Despite all this, there is another possibility worth exploring in this dealer versus manufacturer scenario. Given that the client called the dealer it’s likely that he spoke with an untrained and under-qualified customer service representative. The representative may have misled the client, providing outdated maintenance recommendations, as the older Toyota’s did in fact require the coolant and transmission services mentioned above.

In larger dealerships, telephones are usually answered by Call Centers. Call Centers consist of a group of people who know little about cars, but are generally pleasant on the phone. Call Center representatives are famous for providing misinformation and miss-reading a detailed automotive service menu, such as a 30,000-mile service on a 2005 4-Cylinder Camry. In other words, one of these representatives may have listed services which are NOT actually part of the service. Few notice…who actually remembers anything after: the service includes and oil and filter change, check fluids, belts, hoses, replace the air filter, set tire pressures….blah, blah, blah…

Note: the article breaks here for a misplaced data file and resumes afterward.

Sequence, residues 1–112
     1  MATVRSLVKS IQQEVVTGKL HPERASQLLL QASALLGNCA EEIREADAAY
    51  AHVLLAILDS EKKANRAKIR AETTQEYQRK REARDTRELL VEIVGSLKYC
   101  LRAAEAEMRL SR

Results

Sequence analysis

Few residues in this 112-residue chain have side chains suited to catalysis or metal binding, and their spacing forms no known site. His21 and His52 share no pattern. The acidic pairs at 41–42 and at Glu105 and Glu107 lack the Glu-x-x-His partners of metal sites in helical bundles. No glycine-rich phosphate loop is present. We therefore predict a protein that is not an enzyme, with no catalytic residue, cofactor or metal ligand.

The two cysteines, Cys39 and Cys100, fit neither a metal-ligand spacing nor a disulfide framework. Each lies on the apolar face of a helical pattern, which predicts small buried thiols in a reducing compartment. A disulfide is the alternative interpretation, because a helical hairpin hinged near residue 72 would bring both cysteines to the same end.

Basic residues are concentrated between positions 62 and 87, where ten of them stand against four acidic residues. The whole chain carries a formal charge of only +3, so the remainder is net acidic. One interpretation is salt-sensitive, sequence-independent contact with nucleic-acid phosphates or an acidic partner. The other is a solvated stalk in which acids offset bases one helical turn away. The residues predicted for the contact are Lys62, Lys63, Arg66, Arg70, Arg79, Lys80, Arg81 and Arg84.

The owner of the Camry was quoted $450 – which – if the dealer was actually going to perform all that it stated, and the car actually needed it – would actually be a good deal.

The real and fair price according to manufacturer guidelines for a 30,000-mile service on a 2005 4-Cylinder Toyota Camry is about $280 @ $100 per hour. Click car maintenance costs to see the break down of charges, including parts, tax, and labor.